My favourite bit was the displays of insects which always look so meticulously Victorian and put me in mind of Darwin. These beetles, for instance, have a strange appeal…
Not from Liverpool
About a third of the museum is presently closed as they work to re-display the anthropology collection…which ensures that I’ll definitely return. A very enjoyable visit and even a pleasant bus ride through bits of London I’ve never seen before.
The title of this post comes courtesy of a small girl who, when asked to draw a skeleton of a gorilla (there was one in the display case in front of her) replied to her friend, “Gorilla? But I can only draw stick figures!”
A while ago, Mirinda noticed that there was planned a recital at Chawton House Library. Naturally I was ordered to book a couple of tickets. And tonight was the night.
Of course being a Thursday, Mirinda had to make sure she was home early enough and I had a Talking Newspaper which fortunately finished in plenty of time. We had a quick salad for dinner then headed off for Chawton.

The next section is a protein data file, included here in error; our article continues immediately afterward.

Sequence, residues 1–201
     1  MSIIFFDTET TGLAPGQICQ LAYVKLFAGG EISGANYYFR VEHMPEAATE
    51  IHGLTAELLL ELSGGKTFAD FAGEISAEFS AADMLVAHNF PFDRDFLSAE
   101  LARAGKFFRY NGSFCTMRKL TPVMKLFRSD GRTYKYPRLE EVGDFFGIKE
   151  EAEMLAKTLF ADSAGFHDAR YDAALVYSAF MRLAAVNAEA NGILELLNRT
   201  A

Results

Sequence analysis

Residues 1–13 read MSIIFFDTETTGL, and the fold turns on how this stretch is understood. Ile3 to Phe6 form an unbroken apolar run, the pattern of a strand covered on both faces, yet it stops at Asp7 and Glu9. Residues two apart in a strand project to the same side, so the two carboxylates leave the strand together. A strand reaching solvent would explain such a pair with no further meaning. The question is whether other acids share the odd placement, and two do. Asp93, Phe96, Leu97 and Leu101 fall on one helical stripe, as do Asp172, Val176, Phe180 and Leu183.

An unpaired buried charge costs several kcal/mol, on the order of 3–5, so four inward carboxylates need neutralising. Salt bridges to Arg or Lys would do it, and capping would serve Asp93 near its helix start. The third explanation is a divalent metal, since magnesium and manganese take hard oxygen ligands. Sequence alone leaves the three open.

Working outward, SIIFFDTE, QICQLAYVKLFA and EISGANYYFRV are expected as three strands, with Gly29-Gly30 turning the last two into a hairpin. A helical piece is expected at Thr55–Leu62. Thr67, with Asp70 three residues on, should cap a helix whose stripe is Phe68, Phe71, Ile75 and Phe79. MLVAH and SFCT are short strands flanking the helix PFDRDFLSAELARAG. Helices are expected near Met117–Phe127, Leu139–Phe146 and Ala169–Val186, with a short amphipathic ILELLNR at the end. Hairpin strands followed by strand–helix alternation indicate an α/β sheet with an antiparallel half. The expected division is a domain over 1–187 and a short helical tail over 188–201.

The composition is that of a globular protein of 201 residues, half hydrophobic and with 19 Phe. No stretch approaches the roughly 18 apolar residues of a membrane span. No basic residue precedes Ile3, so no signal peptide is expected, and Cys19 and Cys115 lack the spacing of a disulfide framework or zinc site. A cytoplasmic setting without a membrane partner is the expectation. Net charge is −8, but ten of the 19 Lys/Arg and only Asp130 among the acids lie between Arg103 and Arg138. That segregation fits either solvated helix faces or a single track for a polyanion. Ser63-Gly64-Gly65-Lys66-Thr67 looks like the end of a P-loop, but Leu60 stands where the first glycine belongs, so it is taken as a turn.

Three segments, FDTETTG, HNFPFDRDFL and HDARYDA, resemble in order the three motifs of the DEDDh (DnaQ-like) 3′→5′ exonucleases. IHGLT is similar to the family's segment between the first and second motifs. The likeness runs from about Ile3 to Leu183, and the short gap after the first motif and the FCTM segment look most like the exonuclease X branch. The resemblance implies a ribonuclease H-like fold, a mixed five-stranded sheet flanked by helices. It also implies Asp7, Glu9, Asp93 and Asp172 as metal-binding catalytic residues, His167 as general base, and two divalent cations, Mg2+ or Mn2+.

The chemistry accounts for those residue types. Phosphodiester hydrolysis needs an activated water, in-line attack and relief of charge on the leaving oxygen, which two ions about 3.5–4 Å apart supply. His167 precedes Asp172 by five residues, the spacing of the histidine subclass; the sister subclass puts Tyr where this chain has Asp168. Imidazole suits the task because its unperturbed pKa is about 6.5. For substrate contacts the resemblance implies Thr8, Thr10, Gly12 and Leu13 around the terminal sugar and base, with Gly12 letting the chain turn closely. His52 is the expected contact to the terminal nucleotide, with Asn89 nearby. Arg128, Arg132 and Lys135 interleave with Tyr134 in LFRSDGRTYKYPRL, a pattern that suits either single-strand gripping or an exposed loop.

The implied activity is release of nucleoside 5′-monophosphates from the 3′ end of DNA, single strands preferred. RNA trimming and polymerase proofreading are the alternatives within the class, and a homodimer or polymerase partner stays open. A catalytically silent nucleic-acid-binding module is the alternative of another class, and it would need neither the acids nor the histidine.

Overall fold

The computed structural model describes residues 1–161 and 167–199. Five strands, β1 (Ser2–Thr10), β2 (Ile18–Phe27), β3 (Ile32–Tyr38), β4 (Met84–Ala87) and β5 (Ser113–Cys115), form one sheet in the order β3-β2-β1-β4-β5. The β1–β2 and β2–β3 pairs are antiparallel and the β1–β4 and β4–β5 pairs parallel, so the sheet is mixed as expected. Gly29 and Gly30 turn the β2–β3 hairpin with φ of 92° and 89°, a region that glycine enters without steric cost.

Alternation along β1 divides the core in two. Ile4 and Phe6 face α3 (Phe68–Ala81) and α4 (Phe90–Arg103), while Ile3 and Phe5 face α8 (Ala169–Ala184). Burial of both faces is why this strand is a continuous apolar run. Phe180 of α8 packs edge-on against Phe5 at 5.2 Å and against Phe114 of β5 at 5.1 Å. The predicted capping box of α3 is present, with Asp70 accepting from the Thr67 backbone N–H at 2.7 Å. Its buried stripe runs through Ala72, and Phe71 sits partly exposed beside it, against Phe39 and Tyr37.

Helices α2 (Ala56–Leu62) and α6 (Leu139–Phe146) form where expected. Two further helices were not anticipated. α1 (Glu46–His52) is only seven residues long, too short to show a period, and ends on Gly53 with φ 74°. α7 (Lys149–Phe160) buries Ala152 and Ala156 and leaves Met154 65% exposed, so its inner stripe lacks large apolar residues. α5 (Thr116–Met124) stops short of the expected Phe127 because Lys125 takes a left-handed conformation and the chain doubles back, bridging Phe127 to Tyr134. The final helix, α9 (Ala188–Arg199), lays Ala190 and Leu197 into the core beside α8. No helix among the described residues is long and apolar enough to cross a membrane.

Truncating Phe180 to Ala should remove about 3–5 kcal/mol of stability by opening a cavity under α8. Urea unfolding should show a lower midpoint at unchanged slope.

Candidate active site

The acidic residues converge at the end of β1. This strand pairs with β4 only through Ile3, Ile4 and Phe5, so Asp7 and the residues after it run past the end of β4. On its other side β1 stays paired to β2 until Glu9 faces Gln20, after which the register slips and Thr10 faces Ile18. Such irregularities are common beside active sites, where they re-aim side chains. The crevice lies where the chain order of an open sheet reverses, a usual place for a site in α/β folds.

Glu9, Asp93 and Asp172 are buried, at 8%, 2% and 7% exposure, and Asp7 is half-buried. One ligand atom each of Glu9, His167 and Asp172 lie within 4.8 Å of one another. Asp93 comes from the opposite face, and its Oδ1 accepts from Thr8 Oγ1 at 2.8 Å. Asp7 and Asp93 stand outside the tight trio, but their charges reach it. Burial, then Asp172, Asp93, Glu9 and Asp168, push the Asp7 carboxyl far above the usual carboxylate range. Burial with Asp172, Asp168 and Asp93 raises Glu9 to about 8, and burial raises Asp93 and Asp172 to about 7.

Emily Gray and Catherine Bott
One of the real pleasures of living so close is that we can go to these sorts of things. The chance to attend a recital in a room where Jane could easily have attended just such a recital herself is an indescribable delight. Add to that the fact that the recital we saw was the same sort of thing she’d have seen and the delight knows no bounds.
The evening started with a glass of wine and a general mill around before we all entered the room with the piano in it. I don’t know what the official name of the room is so I’m just going to call it ‘the room with the piano in it.’ (To be completely honest, it might have actually been a fortepiano but I don’t know the difference so we can ignore that.)
The room was set up with chairs and a big screen. We took two very comfy chairs next to a chap who turned out to be, John Howell Morrison, the composer of the music for the final piece. He also did the techy stuff which was slightly out of keeping with the Regency style evening but did allow us subtitles for the Italian songs. He also employed Mirinda as a runner – her job being to half close the door for him. I don’t know why.